The inimitable Kneehigh retool The Beggar’s Opera in Dead Dog in a Suitcase (and other love songs), now playing at the Lyric Hammersmith
“What is the world coming to?”
Kneehigh’s Dead Dog in a Suitcase (and other love songs) was well received 5 years ago and so they’ve opted to revive it for a UK tour. Carl Grose’s reworking of John Gay’s The Beggar’s Opera has evergreen reference points with its corrupt political classes and mercenary business types and adorned with Charles Hazelwood’s songs, it makes for a striking experience on stage.
Macheath, the Peachums and the Lockits are all present and correct though in this more modern setting, Macheath is a contract killer who Mrs Peachum employs to bump off her husband’s political rival. He also kills his dog and that’s just in the opening scene. From there, there’s a raucous ride through a society turned entirely toxic by nastiness and greed and probably the puppets too. Continue reading “Review: Dead Dog in a Suitcase (and other love songs), Lyric Hammersmith”
“Je suis émotif”
I’m a big fan of chocolate and an even bigger fan of Romantics Anonymous so naturally I had to head back to the Sam Wanamaker Playhouse for second helpings (and with somewhat less calories than your usual festive chocolate offerings!). Not too much more to add to my original review and I’d recommend booking in before it closes next week but there’s not a ticket to be had! Returns queue…?
Running time: 2 hours 20 minutes (with interval)
Booking until 6th January
“Prenez vos chocolats…et mangez-les”
Like the squares of chocolates handed out for us to magically access automatic translation, there’s a bittersweet note to much of Romantics Anonymous. And it is perhaps predictably that Emma Rice scores one of her biggest hits on Bankside with a musical that couldn’t be more Emma Rice if it tried. As it is, it fits perfectly into the Sam Wanamaker Playhouse, shaking up the established order once again as she brings amplification and neon lights along with the huge generosity of spirit of this show, uncompromising to the end in her relationship with the Globe.
Romantics Anonymous was adapted by Rice from the French-Belgian film Les Émotifs Anonymes, and takes a wonderfully Gallic spin on your typical romantic comedy. Jean-René has inherited a chocolate factory, Angélique is a chocolatier par excellence in need of a job, they seem perfectly suited for each other but both are chronically, painfully shy. She faints if she has to speak to people, he has precisely zero confidence and even in the act of finally striking up a relationship together, both working and personal, their awkwardness is a constant threat to their happiness.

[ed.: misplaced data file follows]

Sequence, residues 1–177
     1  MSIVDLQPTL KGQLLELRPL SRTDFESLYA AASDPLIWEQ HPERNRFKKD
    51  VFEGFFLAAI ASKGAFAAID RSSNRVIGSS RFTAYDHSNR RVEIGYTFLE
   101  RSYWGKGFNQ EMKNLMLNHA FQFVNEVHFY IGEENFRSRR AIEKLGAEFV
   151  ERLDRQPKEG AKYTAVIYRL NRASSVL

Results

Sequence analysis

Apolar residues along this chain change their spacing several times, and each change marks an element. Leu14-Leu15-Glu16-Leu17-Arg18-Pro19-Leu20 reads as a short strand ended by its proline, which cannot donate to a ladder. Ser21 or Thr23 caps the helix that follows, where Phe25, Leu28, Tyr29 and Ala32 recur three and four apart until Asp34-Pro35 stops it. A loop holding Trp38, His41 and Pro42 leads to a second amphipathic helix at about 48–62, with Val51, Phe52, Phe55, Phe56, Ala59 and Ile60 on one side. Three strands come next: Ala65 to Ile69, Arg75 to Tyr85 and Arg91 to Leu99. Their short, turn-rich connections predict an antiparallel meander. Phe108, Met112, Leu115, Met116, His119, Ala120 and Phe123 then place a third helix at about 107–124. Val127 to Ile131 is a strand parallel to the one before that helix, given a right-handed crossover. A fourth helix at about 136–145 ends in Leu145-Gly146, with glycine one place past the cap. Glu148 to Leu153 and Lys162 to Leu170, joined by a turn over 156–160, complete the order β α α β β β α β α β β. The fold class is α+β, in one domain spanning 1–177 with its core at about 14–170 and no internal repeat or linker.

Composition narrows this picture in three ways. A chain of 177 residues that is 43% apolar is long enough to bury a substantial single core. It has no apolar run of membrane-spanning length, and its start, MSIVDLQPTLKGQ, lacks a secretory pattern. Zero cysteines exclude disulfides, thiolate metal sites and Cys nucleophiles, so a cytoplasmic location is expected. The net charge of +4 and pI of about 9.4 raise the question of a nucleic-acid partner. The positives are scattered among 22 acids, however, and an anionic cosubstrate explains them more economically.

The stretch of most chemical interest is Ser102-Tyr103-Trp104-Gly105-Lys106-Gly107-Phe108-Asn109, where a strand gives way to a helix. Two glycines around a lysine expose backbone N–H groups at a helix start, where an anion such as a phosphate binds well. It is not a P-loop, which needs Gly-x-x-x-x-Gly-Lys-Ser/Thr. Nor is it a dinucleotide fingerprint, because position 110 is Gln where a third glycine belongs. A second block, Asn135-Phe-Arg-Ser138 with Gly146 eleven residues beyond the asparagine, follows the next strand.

Continue reading “Review: Romantics Anonymous, Sam Wanamaker Playhouse”
“A view won’t be a view without you in my way”
Filmed a couple of years ago, the movie adaptation of Lynn Ahrens and Stephen Flaherty’s musical farce Lucky Stiff has now been released for you to enjoy at leisure across a raft of digital platforms, courtesy of Signature Entertainment. I’ve seen the show twice onstage now (most recently at the Drayton Arms) and neither time did it really win me over, the limitations of fringe productions doing the show little favour. But strangely enough, it is this cinematic version that seems to work the best, suiting its idiosyncratic charms down to the ground.
The piece is a featherlight piece of French fancy, based on the Michael Butterworth novel The Man Who Broke the Bank at Monte Carlo, as an East Grinstead shoe salesman seizes on the chance to live a little when he’s the beneficiary of an unexpected inheritance from his late, rich, barely-known uncle. He’s got to go to Monte Carlo to fulfil the strangely detailed terms and conditions though and there he find an assorted cast of misfits who also have an eye on the cool $6m – and thus the farcical goings-on begin. Continue reading “Film Review: Lucky Stiff (2015)”
Actor In A Leading Role
Colin Connor in A View From The Bridge at Octagon Theatre, Bolton
Rob Edwards in An Enemy Of The People at Octagon Theatre, Bolton
Jonjo O’Neill in The Crucible at the Royal Exchange
Sam Swann in Pomona at the Royal Exchange
Actress In A Leading Role
Scarlett Brookes in Educating Rita at Oldham Coliseum
Barbara Drennan in A View From The Bridge and The Family Way at Octagon Theatre, Bolton
Kathryn Hunter in Kafka’s Monkey at HOME
Maxine Peake in The Skriker at the Royal Exchange Continue reading “The 2015 Manchester Theatre Awards nominations”
“The clock will tick away the hours one by one”
‘A French romance that just happens to be sung’ is the subtitle to Kneehigh’s adaptation of the 1964 film The Umbrellas of Cherbourg which has arrived at the Gielgud Theatre, following their hugely successful take on Brief Encounter a couple of years ago. The story is boy meets girl, they fall in love but he gets called to national service in Algeria, but she is…well, I can’t give it all away, but it is a nicely mature look at the ebb and flow of love and romance which rarely runs as smoothly as we would all like.
Perhaps predictably, the show is full of Kneehigh-isms, the tricks and stagecraft for which they have become so well-known, but perhaps with diminishing returns in this instance. We have finger-walking people, freaky puppet children, sailors carrying people around when they want to go somewhere, a man (badly) dragged up as the elderly aunt, a swish-looking video wall: all are professionally done, but hardly any of them feel genuinely part of the fabric of the show, an integral part of the story-telling and so consequently the feeling is often of ‘we know how to do it, so we will’. The video wall is really effective in the way it is employed but it is for the briefest of moments only and I couldn’t help wonder if the focus shouldn’t have been more on keeping the ticket prices down. Continue reading “Review: The Umbrellas of Cherbourg, Gielgud Theatre”